A Wall Street survey of economists in June 2016 suggests there is a 21% chance of recession in the next year.
Given that economists have never once predicted a recession in advance, 21% is a high percentage actually.
Economists now scramble to assess risk as Economic Gauges Raise Specter of Recession.
Hiring is slowing, auto sales are slipping and business investment is dropping. America’s factories remain weak and corporate profits are under pressure. All are classic signs of an economic downturn, and forecasters have certainly noticed. In a Wall Street Journal survey this month, economists pegged the probability of a recession starting within the next year at 21%, up from just 10% a year earlier. Some economists think the risk is even higher.
Signs of trouble extend beyond the job market. J.P. Morgan Chase economists have been gauging the odds of a recession using a model that incorporates an array of economic indicators, from business-sentiment gauges to auto sales.
As of last week, the model signaled a 34% chance of a recession within 12 months. That was down a bit from 36% earlier in the month but up from 21% back in January. Similar increases preceded the past three recessions.
There’s no foolproof tell of a coming recession. Data lags and revisions mean downturns can be difficult to identify even after they start. And rising worry doesn’t always pan out.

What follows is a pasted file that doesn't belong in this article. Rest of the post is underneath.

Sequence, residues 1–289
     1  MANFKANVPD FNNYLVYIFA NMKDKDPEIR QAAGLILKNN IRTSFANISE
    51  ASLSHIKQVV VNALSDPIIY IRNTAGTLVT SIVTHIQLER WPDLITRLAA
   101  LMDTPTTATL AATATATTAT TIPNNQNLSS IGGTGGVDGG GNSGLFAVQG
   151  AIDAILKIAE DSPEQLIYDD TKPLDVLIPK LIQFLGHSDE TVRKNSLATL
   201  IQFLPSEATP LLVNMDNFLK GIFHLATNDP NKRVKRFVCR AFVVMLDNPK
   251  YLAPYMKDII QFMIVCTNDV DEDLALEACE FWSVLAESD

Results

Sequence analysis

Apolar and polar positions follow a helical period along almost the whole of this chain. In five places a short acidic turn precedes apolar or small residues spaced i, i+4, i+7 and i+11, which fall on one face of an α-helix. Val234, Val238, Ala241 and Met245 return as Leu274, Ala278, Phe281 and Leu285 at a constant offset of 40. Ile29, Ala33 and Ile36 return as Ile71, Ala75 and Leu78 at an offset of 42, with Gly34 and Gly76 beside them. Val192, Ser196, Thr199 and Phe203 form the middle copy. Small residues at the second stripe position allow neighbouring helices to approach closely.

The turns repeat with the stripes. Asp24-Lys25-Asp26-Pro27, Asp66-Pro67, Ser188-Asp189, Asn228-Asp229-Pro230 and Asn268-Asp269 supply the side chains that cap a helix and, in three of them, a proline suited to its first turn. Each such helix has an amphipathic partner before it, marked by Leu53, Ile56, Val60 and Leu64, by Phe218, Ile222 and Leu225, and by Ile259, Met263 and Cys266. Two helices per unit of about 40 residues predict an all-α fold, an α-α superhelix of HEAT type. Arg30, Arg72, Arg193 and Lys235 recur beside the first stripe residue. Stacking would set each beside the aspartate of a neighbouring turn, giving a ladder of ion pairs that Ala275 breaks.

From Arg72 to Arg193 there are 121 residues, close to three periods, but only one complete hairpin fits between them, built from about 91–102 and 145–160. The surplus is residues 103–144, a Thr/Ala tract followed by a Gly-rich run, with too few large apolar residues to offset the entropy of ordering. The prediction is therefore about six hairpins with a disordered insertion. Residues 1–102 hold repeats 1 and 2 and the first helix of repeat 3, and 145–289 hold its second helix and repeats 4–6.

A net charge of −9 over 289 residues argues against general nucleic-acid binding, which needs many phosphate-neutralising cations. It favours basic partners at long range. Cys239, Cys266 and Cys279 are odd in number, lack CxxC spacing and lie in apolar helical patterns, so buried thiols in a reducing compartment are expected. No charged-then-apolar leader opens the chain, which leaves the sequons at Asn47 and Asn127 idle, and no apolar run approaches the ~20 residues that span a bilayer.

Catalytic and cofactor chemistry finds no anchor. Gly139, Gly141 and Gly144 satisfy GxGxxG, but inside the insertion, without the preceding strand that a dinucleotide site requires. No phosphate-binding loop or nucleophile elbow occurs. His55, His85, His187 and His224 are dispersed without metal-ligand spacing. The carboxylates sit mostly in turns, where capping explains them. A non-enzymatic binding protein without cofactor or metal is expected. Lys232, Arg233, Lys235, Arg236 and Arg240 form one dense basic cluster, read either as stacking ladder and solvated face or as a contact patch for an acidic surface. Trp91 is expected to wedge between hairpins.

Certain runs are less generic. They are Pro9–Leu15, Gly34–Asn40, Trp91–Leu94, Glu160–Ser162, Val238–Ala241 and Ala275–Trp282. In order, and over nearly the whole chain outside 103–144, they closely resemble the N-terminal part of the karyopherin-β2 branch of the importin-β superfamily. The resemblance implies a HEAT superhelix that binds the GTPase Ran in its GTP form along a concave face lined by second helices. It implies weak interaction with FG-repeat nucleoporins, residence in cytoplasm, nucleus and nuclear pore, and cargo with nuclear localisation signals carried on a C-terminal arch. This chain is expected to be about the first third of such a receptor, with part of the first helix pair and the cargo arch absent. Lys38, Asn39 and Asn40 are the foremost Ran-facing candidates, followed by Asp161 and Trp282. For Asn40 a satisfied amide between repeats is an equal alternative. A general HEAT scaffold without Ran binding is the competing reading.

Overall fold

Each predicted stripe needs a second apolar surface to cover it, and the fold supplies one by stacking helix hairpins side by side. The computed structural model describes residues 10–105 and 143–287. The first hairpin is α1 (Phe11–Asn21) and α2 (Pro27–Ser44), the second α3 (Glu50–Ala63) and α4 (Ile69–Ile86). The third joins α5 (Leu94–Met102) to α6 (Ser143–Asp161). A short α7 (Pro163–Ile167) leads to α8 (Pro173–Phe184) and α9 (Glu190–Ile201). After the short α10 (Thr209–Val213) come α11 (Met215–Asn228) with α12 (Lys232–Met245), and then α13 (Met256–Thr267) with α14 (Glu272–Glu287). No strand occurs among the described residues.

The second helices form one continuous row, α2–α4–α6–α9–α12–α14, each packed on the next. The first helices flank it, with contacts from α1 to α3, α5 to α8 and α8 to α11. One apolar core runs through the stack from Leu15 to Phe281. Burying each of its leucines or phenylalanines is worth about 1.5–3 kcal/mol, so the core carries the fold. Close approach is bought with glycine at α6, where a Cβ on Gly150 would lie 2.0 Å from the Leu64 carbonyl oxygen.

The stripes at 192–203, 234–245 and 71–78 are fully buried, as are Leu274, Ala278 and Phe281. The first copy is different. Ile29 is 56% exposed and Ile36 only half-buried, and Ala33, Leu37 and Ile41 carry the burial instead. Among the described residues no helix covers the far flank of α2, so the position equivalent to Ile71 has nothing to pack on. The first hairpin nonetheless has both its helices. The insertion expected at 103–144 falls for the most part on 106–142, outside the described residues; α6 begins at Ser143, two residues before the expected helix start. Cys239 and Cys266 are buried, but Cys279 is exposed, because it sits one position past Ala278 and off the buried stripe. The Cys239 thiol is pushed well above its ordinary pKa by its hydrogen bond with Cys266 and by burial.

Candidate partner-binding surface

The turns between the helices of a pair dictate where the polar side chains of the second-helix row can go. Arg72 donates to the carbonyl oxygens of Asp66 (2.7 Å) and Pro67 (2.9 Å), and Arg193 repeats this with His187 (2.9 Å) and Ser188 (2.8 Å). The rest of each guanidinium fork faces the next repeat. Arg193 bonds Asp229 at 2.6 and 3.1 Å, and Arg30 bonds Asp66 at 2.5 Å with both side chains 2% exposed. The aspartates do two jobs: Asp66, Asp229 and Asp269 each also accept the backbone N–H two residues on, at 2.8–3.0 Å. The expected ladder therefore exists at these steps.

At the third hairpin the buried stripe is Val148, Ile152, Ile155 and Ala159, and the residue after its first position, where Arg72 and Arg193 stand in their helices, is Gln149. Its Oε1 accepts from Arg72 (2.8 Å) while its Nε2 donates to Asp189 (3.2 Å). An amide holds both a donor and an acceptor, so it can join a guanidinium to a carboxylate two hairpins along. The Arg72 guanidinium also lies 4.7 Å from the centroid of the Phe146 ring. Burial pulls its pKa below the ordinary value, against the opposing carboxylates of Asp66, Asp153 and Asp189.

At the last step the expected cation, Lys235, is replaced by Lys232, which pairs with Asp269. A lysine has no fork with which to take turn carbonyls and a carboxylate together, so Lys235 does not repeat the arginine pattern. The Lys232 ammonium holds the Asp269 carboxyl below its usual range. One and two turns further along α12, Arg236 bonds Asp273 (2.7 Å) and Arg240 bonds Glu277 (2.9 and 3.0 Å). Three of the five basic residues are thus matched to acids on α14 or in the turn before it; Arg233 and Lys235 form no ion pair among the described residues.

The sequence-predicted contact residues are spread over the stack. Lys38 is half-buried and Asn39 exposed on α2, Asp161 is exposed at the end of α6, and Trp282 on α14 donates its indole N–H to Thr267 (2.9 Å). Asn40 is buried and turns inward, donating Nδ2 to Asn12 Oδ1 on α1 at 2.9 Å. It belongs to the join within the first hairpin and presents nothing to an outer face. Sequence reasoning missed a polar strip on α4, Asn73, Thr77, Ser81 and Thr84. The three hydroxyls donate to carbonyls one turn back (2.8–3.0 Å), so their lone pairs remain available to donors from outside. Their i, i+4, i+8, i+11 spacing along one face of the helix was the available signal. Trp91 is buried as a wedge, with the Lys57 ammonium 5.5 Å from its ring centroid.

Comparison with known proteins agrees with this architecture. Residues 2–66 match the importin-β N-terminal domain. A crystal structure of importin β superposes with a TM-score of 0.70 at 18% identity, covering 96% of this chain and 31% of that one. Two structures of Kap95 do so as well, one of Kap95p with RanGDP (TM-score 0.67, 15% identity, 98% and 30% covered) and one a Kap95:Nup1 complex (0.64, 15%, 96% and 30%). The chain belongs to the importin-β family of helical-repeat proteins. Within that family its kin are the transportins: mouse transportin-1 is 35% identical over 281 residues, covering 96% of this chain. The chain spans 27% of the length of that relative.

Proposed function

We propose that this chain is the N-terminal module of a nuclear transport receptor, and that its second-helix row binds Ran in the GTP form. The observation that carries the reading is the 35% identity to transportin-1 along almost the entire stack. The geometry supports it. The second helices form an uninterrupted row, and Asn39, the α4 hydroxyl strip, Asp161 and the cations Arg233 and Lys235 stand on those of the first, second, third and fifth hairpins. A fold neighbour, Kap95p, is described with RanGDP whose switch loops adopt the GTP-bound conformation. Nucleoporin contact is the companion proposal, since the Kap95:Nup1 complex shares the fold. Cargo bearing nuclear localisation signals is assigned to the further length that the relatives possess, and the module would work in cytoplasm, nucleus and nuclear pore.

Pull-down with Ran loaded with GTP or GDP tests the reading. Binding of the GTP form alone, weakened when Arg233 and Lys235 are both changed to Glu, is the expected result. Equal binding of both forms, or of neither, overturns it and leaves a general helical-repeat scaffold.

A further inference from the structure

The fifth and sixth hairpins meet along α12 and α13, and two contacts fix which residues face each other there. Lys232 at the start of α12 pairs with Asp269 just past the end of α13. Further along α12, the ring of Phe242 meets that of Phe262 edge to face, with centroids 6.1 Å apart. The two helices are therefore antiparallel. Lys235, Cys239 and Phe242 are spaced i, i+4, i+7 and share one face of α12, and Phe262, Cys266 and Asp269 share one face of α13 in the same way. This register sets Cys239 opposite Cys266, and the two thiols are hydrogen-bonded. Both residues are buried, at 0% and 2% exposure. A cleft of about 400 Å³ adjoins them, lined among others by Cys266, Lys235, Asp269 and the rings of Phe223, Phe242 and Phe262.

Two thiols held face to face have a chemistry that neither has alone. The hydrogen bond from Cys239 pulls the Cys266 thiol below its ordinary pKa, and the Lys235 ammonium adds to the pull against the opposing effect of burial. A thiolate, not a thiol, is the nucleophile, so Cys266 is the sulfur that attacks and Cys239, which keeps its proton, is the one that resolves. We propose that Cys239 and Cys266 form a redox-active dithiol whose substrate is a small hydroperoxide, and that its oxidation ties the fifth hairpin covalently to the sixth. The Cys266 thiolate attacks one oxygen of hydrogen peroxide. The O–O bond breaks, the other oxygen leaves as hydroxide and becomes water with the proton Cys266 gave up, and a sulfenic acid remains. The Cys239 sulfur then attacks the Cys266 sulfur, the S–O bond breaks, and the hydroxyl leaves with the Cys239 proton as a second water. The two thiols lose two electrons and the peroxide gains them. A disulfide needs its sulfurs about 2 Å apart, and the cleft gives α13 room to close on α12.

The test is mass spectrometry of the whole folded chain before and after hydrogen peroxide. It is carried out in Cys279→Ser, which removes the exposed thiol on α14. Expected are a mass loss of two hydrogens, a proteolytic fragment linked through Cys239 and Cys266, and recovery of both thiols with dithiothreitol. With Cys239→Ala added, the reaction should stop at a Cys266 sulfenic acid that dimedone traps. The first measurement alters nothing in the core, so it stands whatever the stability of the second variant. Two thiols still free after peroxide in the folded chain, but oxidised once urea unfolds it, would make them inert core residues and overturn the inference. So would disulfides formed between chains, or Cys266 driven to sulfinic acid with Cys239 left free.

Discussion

The recession odds spiked to 33% in September 2011, as tracked by the Journal’s survey of private forecasters. But the economy emerged more or less unscathed from a stretch of weaker hiring, political brinkmanship and financial-market turbulence.
A strong case can be made that the expansion is likely to remain on track this time, too.
Business leaders aren’t panicking. The Business Roundtable last week said U.S. chief executives have boosted their expectations for capital expenditures, hiring and sales in the coming months. Executives “don’t see an end” to the expansion, Caterpillar Inc. Chief Executive Doug Oberhelman said. “I think, for the most part, people believe that we can stumble along at 2% for a while longer if there’s not some big event from the outside.”
Recession Odds vs. Recession Declarations
- On December 2, 2008 the NBER Announced Official Recession
- On September 20, 2010, the NBER Announced Recession Officially Ended in June 2009.
Don’t count on any leeway.
Mike “Mish” Shedlock